Mostly we walked and rode bicycles and admired the fauna. It’s the winter and although the flowers are not quite as abundant as in summer (but that’s also cyclone season, so beauty has its price) the greenery is fascinating. I did not stop to investigate any species names, but fell in love with the leaves of this picot edged shrub

 

laceleaves

 

and this elegant stag horn fern

 

staghorn

 

One day we rode around the ancient coral road (built 1500 years ago), which circles the island not far inland from the coast road, at the foot of the dramatic volcanic interior.This seemed to be the real Rarotonga, with taro fields and paw paw patches like this one

 

pawpawpatch

 

In the main township of Avarua, David patiently held my bike outside several shops selling island crafts, while I searched for what I’d been anticipating for months: a glimpse of Tivaevae. Also spelled Tivaivai or, in Tahiti, Tifaifai, they are hand sewn bed covers common to Hawaii, French Polynesia and the Cook Islands.

Gold was struck out the back of one shop that I had the good fortune to enter just as the owner was unveiling this stunning specimen for two women who seemed none too keen to share the experience with me, perhaps because they’d had to do some fast talking to get as far as this.

 

beauteous1

 

It is one of several made by a very elderly lady and left in the care of the shop owner who has stored them behind glass and is reluctant to take them out.  Although they’re for sale, I felt like a gauche papa’a (foreigner, meaning, literally, 4 layers of clothing, from missionary times) asking the price. Most tivaevae are made for family members and are not for sale. Here is the beckoning glass case

 

beauteous2

 

The origins of tivaevea date back to the early 1800’s and the arrival of the missionaries who brought with them cotton fabric that would gradually replace the indigenous bark tapa cloth as the main source of clothing material. But the women of the Islands took the sewing skills and developed a style entirely their own. You see a few pieced patchwork quilts, but mainly the tivaevae are bursts of colour in abstract floral patterns, one color appliquéd onto a background. 

Having decided not to trouble the custodian of the glass case any further, I resolved to look for someone who might be able to show me how to make my own. This seemed to be in keeping with the spirit of the craft.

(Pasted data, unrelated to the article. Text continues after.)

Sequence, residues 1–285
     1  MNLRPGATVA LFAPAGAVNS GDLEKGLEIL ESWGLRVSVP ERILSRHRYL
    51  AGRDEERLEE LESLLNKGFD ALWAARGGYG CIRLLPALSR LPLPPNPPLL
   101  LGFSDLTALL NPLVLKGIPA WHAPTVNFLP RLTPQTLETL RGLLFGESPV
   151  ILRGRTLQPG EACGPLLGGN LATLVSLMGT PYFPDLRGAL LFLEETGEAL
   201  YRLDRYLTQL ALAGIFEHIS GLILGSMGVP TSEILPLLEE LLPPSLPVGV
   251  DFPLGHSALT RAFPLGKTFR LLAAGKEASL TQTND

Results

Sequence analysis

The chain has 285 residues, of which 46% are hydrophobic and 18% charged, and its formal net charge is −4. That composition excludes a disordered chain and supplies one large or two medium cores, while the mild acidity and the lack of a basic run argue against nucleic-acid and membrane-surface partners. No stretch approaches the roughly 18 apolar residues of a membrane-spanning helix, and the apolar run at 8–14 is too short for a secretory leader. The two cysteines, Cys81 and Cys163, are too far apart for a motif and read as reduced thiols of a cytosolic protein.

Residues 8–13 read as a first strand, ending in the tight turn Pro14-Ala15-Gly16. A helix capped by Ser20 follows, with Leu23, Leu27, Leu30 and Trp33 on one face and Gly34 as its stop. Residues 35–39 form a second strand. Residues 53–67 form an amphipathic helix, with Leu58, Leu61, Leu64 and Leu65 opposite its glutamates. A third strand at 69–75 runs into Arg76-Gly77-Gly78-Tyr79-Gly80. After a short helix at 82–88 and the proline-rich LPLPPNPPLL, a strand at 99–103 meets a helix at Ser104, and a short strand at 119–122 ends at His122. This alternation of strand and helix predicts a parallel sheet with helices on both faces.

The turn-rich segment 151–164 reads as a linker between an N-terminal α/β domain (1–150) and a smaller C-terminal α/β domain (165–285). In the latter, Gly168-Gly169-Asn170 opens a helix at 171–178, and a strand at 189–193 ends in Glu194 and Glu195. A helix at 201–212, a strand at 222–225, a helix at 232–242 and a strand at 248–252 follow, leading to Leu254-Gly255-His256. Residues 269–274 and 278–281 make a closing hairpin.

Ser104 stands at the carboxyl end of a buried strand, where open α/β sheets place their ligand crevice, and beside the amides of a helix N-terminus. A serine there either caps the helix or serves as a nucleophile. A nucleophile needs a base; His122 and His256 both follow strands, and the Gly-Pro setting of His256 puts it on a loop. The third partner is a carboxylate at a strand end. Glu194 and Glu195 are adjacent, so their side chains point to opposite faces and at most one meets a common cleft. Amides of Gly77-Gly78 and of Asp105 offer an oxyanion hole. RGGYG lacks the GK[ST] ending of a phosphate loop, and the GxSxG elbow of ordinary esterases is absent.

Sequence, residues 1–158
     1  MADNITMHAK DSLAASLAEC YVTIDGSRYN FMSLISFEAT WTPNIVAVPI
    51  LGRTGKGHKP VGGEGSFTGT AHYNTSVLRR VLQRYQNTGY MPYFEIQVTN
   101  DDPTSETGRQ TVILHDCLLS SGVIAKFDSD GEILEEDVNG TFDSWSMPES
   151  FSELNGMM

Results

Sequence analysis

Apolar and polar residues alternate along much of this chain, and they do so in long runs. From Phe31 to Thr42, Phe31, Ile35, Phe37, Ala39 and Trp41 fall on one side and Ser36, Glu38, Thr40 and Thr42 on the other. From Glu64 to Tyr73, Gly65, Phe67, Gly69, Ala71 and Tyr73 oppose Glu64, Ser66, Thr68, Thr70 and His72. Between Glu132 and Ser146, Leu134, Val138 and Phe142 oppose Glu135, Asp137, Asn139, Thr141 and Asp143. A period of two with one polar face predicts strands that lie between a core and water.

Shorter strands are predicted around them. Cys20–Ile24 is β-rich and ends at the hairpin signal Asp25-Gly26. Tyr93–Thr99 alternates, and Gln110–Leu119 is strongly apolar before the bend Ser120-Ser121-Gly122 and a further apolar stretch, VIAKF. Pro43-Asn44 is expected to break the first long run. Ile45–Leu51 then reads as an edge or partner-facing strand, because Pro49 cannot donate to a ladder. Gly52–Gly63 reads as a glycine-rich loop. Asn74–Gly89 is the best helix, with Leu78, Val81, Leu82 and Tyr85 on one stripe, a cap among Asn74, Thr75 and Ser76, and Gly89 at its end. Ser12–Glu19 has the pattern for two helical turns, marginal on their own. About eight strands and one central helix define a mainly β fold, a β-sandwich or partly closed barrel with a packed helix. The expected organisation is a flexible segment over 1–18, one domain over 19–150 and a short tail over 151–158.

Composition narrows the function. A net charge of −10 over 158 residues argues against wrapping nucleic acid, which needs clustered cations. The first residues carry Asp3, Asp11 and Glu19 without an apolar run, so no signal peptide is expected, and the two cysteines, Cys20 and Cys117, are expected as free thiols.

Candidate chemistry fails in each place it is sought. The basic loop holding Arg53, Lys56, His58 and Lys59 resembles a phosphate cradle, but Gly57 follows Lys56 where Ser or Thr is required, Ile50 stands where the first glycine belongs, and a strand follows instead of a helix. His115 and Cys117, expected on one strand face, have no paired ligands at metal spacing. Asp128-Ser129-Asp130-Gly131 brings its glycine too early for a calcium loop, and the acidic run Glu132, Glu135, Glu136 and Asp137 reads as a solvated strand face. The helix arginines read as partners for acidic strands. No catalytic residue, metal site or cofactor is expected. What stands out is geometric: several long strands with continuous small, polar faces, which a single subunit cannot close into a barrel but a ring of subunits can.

At Punanganui market, a collection of huts and stalls which is mostly quiet on weekdays but bustling on Saturdays with locals and tourists buying produce and crafts, we found two beautiful women from Penrhyn Island (the northernmost of the Cooks, a four hour flight from Rarotonga and with a population of only 600!)  famous for its traditional weaving. Who could resist these exquisite fans? 

 

penryhnfans

 

Across the way was a promising sign: a tivaevae in the making

 

firsttasteofina

 

It turned out to be a work in progress of  friendly, ebullient Ina Bishop, who, after very little coaxing, offered to show me how to cut and embroider my own if I returned the following Tuesday. Assisting Ina was Iselin Bing, a knitter from Norway (are you on ravelry? she asked) who has been in Rarotonga since January researching tivaevae for her anthropology thesis. She has made her own gorgeous tivaevae which, she says, will go into her “glory box” when she returns home soon.

 

iselin

 

So back I trotted on Tuesday morning to find Ina in full flight, teaching several women, two Australians and one Aucklander (below) who had bought hers already cut and was going to embroider it herself. Clever her, skipping the scary bit.

 

aucklander

 

This is Ina’s way: your background and top layer must be exactly the same size. Sheeting fabric is often used but you can piece together strips for whatever size you want. The top layer, from which you will cut your pattern, is folded into four, the design drawn on one quarter, emanating from the center. Here is Ina cutting the top layer of a baby tivaevae.

 

ina1

inacutting2

 

I think I’ll have to make a paper template first when I try this, but Ina is so skilled she just drew freehand and launched into the cutting. Here’s the design unfolded.

 

ina2

unfolded

 

The next step is to sew the top layer to the base, around the four edges, then turn it out so the you have the edge of your tivaevae completed before the next step of basting the cut design onto the background. For this you can use very large stitches, just secure enough to hold the design in place while you embroider. 

 

basted

 

Ina turns the edge as she embroiders. She makes it look easy as she expertly slides the needle along the cut fabric to turn it under. Novices like me might want to turn and blind stitch it first before we attempt the embroidery for which she uses a twisted blanket stitch. It gives a slightly scalloped effect to the appliqué. For a first attempt my stitching wasn’t too bad (Ina is kind and diplomatic) but I’ll need to practise on a pillow before I attempt anything larger. Note that I am not displaying my efforts.

Here is a tivaevae that has been blind stitched all over, and is now being given an overlay of embroidery.

 

overlay1

 

After my couple of hours with Ina I felt that I had a basic idea of how to proceed on my own, so I set of for the fabric shop to buy a few pieces of cotton fabric and cycled back to our digs a happy woman.

Somewhere en route the idea of using tivaevae motifs to knit bright summer pillows took hold. Knitting is never far from my thoughts. I’ll be investigating this further.

It’s hard to leave Rarotonga, gentle island. You always wonder if there’s a way you could rearrange your life to live there. 

David, reading my mind, saw this empty stall at the market and wondered if it could be the new home of South Seas Knitting?

 

hutforsale

cafebicycle

 

Thank you  for sharing, Ina! I will send your fabric cutter soon!

–Mel